John Somers, Baron Somers
17 of 21 portraits on display in Room 9 at the National Portrait Gallery
John Somers, Baron Somers
by Sir Godfrey Kneller, Bt
oil on canvas, before 1711
35 3/4 in. x 27 3/4 in. (908 mm x 705 mm)
Given by the Art Fund, 1945
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Sitterback to top
- John Somers, Baron Somers (1651-1716), Lord Chancellor. Sitter associated with 38 portraits.
Artistback to top
- Sir Godfrey Kneller, Bt (1646-1723), Portrait painter. Artist associated with 1681 portraits, Sitter associated with 30 portraits.
This portraitback to top
Having entered the Middle Temple in 1669, Somers won a great legal reputation and was junior counsel for the Seven Bishops in 1688. He also helped to draft the Bill of Rights. As Solicitor-General and Attorney-General he created a new and important tradition by his temperate prosecution of the enemies of the new regime of William and Mary. As a leader of the Whigs he organised the Junto, a close body of ministers which in some ways anticipated the Cabinet. He became a Baron and Lord Chancellor in 1697 and was finally ousted from office when the Tories came to power in 1710. Described by Johnathan Swift as possessing 'all excellent qualifications, except virtue', in this portrait Somers holds a first edition of an octavo edition of Spenser's Fairie Queene published in 1715 and dedicated to him.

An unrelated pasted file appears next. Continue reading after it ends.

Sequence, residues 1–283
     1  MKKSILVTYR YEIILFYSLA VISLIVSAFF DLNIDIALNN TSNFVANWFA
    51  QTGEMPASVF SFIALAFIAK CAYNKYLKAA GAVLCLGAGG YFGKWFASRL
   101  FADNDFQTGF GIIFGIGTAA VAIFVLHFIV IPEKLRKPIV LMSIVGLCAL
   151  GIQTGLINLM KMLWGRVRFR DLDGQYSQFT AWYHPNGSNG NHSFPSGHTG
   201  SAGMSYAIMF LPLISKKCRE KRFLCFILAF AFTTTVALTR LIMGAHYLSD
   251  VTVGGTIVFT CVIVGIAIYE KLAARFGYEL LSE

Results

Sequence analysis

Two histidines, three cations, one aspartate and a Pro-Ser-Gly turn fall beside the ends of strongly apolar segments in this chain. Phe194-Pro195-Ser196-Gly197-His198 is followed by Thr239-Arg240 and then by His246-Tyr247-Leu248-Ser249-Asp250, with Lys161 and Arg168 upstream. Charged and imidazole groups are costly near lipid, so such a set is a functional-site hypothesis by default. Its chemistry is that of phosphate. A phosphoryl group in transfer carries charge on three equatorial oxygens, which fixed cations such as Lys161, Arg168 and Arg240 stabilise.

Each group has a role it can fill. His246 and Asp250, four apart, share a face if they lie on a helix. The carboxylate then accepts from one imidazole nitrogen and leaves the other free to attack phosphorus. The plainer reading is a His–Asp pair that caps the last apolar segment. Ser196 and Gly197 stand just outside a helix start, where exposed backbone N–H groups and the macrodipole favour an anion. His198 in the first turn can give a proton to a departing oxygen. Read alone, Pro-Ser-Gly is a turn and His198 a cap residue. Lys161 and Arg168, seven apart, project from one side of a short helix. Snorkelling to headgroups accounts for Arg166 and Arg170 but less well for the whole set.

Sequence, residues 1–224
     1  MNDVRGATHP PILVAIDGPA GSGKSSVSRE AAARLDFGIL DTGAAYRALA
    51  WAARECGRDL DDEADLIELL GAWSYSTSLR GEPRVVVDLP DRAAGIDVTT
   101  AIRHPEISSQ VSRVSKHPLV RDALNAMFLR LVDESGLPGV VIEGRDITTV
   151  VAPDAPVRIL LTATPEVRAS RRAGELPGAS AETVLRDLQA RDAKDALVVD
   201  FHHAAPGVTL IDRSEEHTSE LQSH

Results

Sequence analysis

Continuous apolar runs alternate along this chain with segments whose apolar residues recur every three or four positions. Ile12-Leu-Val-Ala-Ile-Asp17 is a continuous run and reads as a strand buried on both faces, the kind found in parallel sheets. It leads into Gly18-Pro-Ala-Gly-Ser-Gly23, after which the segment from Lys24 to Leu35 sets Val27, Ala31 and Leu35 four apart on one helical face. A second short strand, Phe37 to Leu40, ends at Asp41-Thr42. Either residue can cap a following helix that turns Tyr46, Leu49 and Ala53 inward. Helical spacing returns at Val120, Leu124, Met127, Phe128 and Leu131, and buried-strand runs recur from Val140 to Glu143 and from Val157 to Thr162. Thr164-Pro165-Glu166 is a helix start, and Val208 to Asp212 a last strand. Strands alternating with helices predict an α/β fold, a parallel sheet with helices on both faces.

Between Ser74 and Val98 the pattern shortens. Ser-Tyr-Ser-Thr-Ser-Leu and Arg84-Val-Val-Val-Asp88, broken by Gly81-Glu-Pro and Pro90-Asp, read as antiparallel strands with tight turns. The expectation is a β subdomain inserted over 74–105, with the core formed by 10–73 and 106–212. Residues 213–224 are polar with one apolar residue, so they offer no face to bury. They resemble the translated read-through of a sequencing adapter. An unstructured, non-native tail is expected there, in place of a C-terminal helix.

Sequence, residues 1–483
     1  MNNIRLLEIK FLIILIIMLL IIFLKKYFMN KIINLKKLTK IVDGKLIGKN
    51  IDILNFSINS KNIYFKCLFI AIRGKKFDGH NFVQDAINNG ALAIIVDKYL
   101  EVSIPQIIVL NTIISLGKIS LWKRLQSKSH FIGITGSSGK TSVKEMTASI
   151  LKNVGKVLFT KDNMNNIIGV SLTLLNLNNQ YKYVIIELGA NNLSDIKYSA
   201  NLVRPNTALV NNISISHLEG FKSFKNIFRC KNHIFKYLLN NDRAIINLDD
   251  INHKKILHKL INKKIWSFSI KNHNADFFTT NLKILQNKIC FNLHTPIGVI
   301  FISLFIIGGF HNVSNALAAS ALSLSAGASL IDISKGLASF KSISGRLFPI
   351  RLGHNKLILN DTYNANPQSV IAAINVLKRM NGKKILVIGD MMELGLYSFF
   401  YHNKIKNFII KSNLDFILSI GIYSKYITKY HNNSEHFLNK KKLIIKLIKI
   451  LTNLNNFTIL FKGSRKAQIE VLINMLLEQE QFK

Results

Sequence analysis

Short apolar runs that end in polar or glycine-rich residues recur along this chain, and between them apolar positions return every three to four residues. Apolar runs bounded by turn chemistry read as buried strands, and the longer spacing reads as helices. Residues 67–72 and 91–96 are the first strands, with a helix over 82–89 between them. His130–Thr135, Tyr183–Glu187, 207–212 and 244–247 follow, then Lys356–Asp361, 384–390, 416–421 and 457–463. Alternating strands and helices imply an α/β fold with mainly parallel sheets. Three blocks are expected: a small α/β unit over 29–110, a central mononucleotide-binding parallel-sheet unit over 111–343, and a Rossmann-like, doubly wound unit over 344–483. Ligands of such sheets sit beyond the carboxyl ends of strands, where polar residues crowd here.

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Events of 1711back to top
Current affairsQueen Anne dismisses from office her closest companion, Sarah, Duchess of Marlborough, over disagreements principally concerning matters of state. Sarah's husband, the Duke of Marlborough, is also dismissed, a victim of ambition and political intrigue. The South Sea Company is launched to undertake the nation's debt.
Art and scienceComposer, George Frideric Handel's first London opera Rinaldo is staged at the Queen's Theatre and privately performed for the queen on her birthday at St. James's Palace. The following year Handel would leave the Hanoverian court to settle in London. Essayists, Sir Richard Steele and Joseph Addison establish The Spectator.
InternationalSecret peace negotiations between France and England resume to end the War of the Spanish Succession. Lord treasurer, Robert Harley, Earl of Oxford sends poet and diplomat, Matthew Prior, to France accompanied by Louis XIV's secret negotiator, François Gaultier, to conduct talks directly with the French king.
See this portrait
On display in Room 9 at the National Portrait Gallery